Stuttering is an action-induced speech disorder with involuntary, audible, or silent repetitions or prolongations in the utterance of short speech elements (sounds, syllables) and words. Symptomatic treatment programs frequently have initial success; persistent benefit is variable and many patients remain disabled. Stuttering has many characteristics similar to spasmodic dysphonia (laryngeal dystonia), often including the presence of adductor laryngeal spasms that obstruct airflow (glottal block). We hypothesized that relief of the spasmodic dysphonic glottal blocks in stutterers would modify the stuttering phenomenon and increase fluency. We therefore studied the effects of bilateral vocal fold injections of botulinum toxin type A (BTX) on dysfluency and speech characteristics in stuttering. We treated 14 adult patients (12 men, 2 women) with persistent stuttering and glottal block who previously failed standard speech therapy with 1.25 U BTX into each thyroarytenoid (vocalis) muscle. Fluency evaluations included the Stuttering Severity Instrument, the Perceptions of Stuttering Inventory, and a global rating scale (percent of normal function). Patients were evaluated at baseline and at 2-, 6-, and 12-week follow-up visits. Improvement in fluency documented by each rating instrument occurred at 2 and 6 weeks, with functional relapse by 12 weeks in most patients. We conclude that therapeutic laryngeal injections of botulinum toxin are useful in the management of stuttering with glottal block and result in a moderate improvement in fluency. When an adult patient with developmental stuttering with glottal blocks has failed speech interventional therapy and presents for treatment, a trial of BTX can be considered early. The results of BTX treatment will be known within a relatively short period of time (weeks), whereas the impact of pharmacological trials can take several months or years. Although BTX therapy does not result in normal fluency, BTX treatment is a safe, reasonable intervention to use either in isolation or in conjunction with more classic therapies or pharmacotherapy. Further study is required to evaluate long-term efficacy.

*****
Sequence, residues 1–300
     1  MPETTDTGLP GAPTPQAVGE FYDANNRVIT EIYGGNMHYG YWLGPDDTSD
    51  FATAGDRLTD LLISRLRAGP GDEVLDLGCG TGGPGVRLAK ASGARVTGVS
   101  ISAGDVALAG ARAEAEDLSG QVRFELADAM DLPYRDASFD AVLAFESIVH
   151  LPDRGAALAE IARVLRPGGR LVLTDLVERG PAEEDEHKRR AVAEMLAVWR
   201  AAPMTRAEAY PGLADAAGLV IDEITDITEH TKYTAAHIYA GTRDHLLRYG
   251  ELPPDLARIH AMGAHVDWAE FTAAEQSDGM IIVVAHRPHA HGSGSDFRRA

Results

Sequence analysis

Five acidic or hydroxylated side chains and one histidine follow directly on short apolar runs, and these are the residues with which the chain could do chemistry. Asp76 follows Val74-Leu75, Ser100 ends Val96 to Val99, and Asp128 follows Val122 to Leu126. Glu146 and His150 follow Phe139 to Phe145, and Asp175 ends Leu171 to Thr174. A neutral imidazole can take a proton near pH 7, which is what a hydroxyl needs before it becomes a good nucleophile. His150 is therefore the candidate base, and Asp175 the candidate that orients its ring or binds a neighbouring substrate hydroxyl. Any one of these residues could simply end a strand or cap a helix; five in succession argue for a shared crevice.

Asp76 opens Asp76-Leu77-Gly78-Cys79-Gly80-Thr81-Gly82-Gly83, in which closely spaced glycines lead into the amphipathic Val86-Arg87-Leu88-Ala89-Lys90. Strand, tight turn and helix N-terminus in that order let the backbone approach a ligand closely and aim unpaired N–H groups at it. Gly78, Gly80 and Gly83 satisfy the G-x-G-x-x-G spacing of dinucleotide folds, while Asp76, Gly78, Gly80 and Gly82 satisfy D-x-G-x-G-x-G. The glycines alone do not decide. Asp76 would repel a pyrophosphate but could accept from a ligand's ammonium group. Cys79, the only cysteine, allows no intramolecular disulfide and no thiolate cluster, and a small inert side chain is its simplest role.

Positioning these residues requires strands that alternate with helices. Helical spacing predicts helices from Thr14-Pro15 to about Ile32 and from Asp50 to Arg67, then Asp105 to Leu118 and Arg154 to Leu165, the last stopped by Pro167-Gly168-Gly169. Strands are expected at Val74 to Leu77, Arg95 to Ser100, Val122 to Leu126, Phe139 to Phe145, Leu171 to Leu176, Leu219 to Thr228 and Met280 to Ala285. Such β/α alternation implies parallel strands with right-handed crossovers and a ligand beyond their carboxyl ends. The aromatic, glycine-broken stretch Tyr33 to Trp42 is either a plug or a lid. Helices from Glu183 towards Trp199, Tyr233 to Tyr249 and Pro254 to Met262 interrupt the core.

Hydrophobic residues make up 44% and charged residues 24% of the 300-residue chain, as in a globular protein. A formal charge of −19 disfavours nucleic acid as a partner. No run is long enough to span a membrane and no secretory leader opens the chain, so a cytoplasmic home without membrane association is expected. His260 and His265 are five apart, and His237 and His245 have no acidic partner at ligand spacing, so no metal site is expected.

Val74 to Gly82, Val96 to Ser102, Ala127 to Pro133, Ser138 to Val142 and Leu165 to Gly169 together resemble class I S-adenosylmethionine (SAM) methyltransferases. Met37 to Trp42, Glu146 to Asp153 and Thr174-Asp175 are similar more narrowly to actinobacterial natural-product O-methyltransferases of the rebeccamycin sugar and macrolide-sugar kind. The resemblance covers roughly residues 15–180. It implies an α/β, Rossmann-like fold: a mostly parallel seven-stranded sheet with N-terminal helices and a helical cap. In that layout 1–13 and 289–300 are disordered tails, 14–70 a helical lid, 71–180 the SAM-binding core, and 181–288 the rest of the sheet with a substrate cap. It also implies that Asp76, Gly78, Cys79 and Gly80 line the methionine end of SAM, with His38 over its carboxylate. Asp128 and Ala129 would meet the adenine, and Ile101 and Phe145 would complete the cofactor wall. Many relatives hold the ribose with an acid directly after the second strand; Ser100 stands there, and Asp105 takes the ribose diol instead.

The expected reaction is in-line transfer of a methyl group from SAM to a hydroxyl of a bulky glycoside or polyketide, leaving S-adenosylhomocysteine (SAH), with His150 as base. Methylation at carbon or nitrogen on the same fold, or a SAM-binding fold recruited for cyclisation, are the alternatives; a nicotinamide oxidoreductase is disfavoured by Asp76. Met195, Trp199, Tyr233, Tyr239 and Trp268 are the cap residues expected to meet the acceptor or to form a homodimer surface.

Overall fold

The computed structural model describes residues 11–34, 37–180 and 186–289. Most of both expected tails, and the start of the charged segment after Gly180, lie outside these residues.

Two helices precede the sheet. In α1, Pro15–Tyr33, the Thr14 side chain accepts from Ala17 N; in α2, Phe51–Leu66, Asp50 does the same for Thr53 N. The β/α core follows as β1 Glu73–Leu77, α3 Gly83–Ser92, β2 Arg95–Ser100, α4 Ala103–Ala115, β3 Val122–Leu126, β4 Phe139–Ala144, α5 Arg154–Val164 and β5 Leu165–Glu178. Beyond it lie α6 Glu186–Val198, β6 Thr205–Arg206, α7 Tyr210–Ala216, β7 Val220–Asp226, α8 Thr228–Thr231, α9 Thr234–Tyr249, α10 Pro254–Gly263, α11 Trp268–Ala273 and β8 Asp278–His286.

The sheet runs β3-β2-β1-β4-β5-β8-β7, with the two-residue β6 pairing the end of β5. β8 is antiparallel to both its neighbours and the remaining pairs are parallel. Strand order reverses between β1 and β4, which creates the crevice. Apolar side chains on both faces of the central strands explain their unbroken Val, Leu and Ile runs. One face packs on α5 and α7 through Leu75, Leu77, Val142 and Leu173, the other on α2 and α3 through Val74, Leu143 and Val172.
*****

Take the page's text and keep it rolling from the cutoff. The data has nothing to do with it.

ASJC Scopus subject areas
- Clinical Neurology